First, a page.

Neither Dumbledore nor Grindelwald ever seems to have referred to this brief boyhood friendship in later life. However, there can be no doubt that Dumbledore delayed, for some five years of turmoil, fatalities, and disappearances, his attack upon Gellert Grindelwald. Was it lingering affection for the man or fear of exposure as his once best friend that caused Dumbledore to hesitate? Was it only reluctantly that Dumbledore set out to capture the man he was once so delighted he had met?
And how did the mysterious Ariana die? Was she the inadvertent victim of some Dark rite? Did she stumble across something she ought not to have done, as the two young men sat practicing for their attempt at glory and domination? Is it possible that Ariana Dumbledore was the first person to die “for the greater good”?
Note how she never addresses anything she brings up? It’s a way to trick people into thinking she is pursuing the “truth.” She’s actually just a lazy, irresponsible writer.But let’s talk about Dumbledore’s letter to Grindelwald:
- Gellert —
Your point about Wizard dominance being FOR THE MUGGLES’ OWN GOOD — this, I think, is the crucial point. Yes, we have been given power and yes, that power gives us the right to rule, but it also gives us responsibilities over the ruled. We must stress this point, it will be the foundation stone upon which we build. Where we are opposed, as we surely will be, this must be the basis of all our counterarguments. We seize control FOR THE GREATER GOOD. And from this it follows that where we meet resistance, we must use only the force that is necessary and no more. (This was your mistake at Durmstrang! But I do not complain, because if you had not been expelled, we would never have met.)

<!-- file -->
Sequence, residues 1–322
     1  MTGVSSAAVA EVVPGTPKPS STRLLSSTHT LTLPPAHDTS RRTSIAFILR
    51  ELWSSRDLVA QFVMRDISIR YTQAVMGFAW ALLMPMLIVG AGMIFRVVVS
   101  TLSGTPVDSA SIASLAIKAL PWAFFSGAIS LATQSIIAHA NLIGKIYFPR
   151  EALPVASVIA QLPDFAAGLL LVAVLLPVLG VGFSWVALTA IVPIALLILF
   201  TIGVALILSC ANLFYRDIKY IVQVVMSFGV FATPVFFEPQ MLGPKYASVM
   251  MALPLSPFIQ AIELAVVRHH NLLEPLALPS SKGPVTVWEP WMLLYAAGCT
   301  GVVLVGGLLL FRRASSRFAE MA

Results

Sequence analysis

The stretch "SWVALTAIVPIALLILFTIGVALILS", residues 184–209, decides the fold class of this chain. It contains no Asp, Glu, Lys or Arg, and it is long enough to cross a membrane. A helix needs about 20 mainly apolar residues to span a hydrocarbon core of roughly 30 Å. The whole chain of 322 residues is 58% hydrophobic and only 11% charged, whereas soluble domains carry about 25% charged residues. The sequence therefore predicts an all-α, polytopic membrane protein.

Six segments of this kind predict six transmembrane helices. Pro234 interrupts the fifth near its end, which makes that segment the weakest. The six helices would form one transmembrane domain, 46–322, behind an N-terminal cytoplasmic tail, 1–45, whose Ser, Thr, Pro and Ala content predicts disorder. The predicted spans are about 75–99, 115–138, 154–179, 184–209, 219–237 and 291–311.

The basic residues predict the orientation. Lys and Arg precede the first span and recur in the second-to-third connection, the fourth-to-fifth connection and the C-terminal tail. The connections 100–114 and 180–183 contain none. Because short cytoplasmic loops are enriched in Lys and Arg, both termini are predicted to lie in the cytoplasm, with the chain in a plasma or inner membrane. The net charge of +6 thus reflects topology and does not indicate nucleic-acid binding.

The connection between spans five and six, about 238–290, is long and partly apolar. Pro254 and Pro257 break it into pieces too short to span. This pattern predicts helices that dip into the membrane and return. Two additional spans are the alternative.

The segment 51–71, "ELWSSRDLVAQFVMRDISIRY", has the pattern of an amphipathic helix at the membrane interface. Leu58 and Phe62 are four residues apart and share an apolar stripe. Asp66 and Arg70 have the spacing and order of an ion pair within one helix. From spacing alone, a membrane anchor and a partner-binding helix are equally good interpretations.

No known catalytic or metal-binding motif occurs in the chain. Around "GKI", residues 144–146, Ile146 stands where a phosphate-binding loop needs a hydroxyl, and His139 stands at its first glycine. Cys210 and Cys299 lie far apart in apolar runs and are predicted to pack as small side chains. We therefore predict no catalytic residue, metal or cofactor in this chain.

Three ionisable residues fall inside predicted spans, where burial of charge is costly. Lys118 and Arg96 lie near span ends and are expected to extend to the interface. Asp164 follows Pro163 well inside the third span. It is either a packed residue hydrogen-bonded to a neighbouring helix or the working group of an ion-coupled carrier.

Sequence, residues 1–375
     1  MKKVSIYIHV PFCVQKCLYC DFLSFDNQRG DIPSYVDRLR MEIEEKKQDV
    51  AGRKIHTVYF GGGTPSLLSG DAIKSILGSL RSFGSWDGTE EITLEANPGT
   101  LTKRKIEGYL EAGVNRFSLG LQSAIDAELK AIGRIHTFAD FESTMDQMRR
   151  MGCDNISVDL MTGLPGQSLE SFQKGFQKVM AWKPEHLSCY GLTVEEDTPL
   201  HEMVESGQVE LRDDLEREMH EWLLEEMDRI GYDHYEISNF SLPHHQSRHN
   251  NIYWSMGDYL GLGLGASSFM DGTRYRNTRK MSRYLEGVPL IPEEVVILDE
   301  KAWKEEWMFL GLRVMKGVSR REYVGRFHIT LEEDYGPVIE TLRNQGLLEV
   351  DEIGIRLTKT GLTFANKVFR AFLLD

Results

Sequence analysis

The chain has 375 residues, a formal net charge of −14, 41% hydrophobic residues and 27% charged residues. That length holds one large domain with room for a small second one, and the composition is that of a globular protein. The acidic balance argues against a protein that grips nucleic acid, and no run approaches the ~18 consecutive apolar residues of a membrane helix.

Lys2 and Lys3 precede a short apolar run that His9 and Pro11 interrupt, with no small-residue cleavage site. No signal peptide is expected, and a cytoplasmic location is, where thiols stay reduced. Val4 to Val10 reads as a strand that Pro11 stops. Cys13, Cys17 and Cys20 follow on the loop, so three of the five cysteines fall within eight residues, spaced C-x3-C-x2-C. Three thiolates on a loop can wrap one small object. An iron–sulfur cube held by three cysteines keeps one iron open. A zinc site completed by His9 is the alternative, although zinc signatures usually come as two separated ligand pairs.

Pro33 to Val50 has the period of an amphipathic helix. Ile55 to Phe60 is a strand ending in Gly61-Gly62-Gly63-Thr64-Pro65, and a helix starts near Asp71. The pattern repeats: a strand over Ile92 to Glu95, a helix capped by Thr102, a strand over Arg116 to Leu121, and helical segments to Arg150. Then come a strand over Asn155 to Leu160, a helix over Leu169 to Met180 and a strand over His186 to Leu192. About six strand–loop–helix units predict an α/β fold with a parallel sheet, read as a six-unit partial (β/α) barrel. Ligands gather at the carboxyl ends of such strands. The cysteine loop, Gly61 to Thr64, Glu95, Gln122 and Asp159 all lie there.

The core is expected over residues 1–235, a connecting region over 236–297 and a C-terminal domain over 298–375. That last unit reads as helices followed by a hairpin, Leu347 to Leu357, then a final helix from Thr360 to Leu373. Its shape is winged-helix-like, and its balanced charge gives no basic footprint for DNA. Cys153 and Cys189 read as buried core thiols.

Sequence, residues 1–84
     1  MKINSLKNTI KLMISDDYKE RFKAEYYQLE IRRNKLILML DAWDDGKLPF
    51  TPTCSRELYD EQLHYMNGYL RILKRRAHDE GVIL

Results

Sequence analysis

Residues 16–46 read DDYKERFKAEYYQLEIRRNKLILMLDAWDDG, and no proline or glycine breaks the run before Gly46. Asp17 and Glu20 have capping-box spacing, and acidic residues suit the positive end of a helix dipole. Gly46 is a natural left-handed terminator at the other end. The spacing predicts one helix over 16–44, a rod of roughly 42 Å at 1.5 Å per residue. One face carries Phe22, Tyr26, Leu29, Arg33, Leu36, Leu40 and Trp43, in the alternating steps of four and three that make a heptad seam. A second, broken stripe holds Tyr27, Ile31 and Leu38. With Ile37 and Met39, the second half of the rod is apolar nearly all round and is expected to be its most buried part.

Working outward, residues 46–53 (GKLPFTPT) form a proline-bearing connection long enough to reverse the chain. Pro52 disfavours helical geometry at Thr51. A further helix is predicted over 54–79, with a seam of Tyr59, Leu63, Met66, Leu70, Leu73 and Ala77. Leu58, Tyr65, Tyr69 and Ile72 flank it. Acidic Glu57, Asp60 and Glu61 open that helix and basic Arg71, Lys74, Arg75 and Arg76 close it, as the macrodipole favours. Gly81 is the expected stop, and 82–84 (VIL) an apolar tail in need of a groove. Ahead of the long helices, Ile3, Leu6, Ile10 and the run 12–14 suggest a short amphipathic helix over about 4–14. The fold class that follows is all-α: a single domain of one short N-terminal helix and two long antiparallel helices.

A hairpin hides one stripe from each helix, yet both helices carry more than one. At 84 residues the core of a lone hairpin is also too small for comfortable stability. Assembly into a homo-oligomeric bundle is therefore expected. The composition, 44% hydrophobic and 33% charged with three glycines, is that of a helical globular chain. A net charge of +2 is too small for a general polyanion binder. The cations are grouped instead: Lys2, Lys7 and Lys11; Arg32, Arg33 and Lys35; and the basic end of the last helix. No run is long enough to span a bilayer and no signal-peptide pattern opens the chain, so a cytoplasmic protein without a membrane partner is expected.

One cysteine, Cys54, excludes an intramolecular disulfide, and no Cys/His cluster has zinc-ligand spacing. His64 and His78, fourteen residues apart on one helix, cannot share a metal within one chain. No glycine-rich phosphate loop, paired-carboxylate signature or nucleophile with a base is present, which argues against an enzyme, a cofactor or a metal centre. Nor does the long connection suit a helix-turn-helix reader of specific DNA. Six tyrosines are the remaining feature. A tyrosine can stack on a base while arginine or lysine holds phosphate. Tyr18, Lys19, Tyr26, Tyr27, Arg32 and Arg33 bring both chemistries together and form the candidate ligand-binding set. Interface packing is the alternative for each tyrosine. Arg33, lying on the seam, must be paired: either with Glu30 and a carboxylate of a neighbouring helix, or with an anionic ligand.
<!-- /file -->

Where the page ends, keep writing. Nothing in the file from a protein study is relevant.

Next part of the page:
I’m calling it now: That letter, as awful as it seems, is taken out of context. As soon as I started reading Rita Skeeter’s analysis of it, I thought it seemed mighty presumptuous to make the conclusions that she did. And I think we will learn at a later point that there was more to this letter.
Perhaps, though, it’s just my willingness to want to see Dumbledore in a positive light. (Could I seriously stop being Hermione, tyvm). She does grasp for any sort of explanation for all this that exonerates Dumbledore, but Harry isn’t having it:
- “Anyway, it’s — it’s an awful thought that Dumbledore’s ideas helped Grindelwald rise to power. But on the other hand, even Rita can’t pretend that they knew each other for more than a few months one summer when they were both really young, and —”
“I thought you’d say that,” said Harry. He did not want to let his anger spill out at her, but it was hard to keep his voice steady. “I thought you’d say ‘They were young.’ They were the same age as we are now. And here we are, risking our lives to fight the Dark Arts, and there he was, in a huddle with his new best friend, plotting their rise to power over the Muggles.”
I can’t ignore the parallel Harry sees in this, and I can’t help but admit he’s kind of right. I’m tortured by this. This chapter doesn’t make me feel better about anything we’ve learned about Dumbledore, and I feel like I’m no closer to the answer than ever before.This is painful.